A year in space

Normally crew members spend 6 months on the ISS but as part of a research project to find out what effects long duration space flight has on the human body. So one American astronaut and one Russian cosmonaut will spend a year in orbit. It is essential to gather this data before crews can be sent to Mars or beyond. It is not known who will be chosen for this mission but it is a safe bet that whoever it is once they return to Earth and go through the recovery process they will not want to go near another doctor for a very long time.

One side effect of this is that there will be two seats available in Soyuz's for space tourists. So far seven people have visited the ISS as tourists and one of them went twice.

Starship Trooper

The first of those two free Soyuz seats has been assigned to a celebrity. It was only ever going to be a matter of time before celebrities went into space. There are any number of publicity seekers who I would have guessed would be the first. I can't imagine Sarah Brightman would have been anywhere on my list but it was announced that she will fly to the ISS on a Soyuz. She has been through intensive medical and psychological checks to make sure she is capable of surviving the mission. She has a lot of training to go through and it will probably be three years before she can fly to space.

One interesting aspect of this is who is paying for her to go to space. There are a few options. Sarah Brightman is the global brand ambassador for Panasonic and the face of Panasonic's strategic partnership with UNESCO. The Brightman STEM (science, technology, engineering and mathematics) scholarship program was launched this year with Virgin Galactic. This program is to help young American women pursue STEM education for four years at college. Either of those companies could be paying for the trip.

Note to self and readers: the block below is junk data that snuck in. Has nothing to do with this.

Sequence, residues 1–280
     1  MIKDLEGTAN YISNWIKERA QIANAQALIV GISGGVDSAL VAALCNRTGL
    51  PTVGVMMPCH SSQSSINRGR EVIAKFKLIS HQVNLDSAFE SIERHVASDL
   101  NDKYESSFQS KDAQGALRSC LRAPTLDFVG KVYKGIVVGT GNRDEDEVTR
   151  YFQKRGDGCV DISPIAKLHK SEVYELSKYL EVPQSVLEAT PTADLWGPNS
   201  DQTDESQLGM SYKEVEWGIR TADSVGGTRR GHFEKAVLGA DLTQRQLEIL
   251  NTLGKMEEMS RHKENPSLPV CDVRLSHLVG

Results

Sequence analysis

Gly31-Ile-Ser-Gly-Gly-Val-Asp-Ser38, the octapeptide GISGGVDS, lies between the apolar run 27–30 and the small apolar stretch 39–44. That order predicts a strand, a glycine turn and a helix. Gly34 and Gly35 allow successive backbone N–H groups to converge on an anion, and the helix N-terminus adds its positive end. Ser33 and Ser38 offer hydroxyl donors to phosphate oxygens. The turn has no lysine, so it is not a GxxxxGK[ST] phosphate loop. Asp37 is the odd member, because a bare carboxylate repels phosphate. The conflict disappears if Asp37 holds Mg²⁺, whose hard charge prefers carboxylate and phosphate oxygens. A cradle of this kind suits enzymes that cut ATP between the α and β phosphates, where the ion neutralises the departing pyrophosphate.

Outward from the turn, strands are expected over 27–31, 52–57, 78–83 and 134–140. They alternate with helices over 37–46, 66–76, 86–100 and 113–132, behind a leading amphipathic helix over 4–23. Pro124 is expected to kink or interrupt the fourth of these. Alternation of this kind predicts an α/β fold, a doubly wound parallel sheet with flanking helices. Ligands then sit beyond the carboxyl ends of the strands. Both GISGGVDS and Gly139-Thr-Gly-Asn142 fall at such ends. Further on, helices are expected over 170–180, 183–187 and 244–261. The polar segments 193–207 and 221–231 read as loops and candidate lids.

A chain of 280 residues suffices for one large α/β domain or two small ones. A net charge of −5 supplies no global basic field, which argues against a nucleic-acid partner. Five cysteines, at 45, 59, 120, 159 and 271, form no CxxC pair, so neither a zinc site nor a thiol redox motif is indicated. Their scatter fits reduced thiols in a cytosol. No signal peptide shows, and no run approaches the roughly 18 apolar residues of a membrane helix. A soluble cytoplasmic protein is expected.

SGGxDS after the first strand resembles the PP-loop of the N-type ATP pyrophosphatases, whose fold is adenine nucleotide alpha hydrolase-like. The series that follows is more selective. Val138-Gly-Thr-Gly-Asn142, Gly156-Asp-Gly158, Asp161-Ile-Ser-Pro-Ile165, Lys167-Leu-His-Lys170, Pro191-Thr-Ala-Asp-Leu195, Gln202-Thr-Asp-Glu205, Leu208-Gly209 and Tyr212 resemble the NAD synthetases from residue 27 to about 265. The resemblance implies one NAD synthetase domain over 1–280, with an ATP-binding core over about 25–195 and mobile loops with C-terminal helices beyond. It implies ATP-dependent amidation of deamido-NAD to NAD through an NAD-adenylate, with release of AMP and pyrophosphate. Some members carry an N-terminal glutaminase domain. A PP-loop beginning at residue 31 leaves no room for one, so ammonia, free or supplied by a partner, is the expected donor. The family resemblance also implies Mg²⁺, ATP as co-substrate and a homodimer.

It should come as no surprise that she plans to sing from space. It is not hard to foresee some kind of concert from space which obviously has the potential to reach a global audience and make a lot of money so any company behind that could fund the trip.

Curiosity

The Curiosity rover has been driving around the Martian surface trying out all its equipment and sampling rock samples. The latest step is that it has scooped up a sample of Martian soil which will be used for cleaning the scoop. After the scoop can be verified as being clean a sample will be scooped up and fed into the analytical instrument package and analysed.

One surprising find in the first scoopful of soil was a small bright object. No-one expected to find any bright objects of Martian origin and it looks like this one is not. It seems to be a bit plastic wrapping material that has become detached from part of the rover either during the launch, flight or landing. It is a very good example of why we should send people to space rather than just machines. Had there not been a camera onboard that could send pictures to human eyes it is easy to imagine a sample being analysed and the results proving organic polymers or the like exists on Mars. Imagine the explanations and theories that would have sprung from that. Sometimes all the technology in the world is not as good as one human eye.

Final space shuttle mission

One thing that happened after the original version of this article was submitted for publications is that we had an unexpected final space shuttle that also broke a few records. It never left the ground and travelled at slower speed than any other shuttle. Instead of blasting into space to visit the ISS or the Hubble Space Telescope Endeavour went for a drive round the streets of Los Angeles before settling down to life as a museum piece. This journey really brought out the crowds and needed special preparations that have never been required for any other space mission. Trees and traffic lights had to be uprooted and in some places the wings of the shuttle missed buildings or other objects by a scant few inches.

I'm forever blowing bubbles

Sidepodcast has always loved great photography and space provides opportunity not only for great photographs but sights that seem impossible. I am sure everyone at some time has blown bubbles with gum but once they reach a few inches across they burst. You can make bubbles with soapy water but normally again after a few inches they burst and disappear from all but your memory. Space does things on a massively different scale. In space bubbles can get bigger than you can ever imagine. Imagine a bubble that is 23 light years across. Set off from one point at the impossible again speed of light and it takes 23 years to reach the opposite side.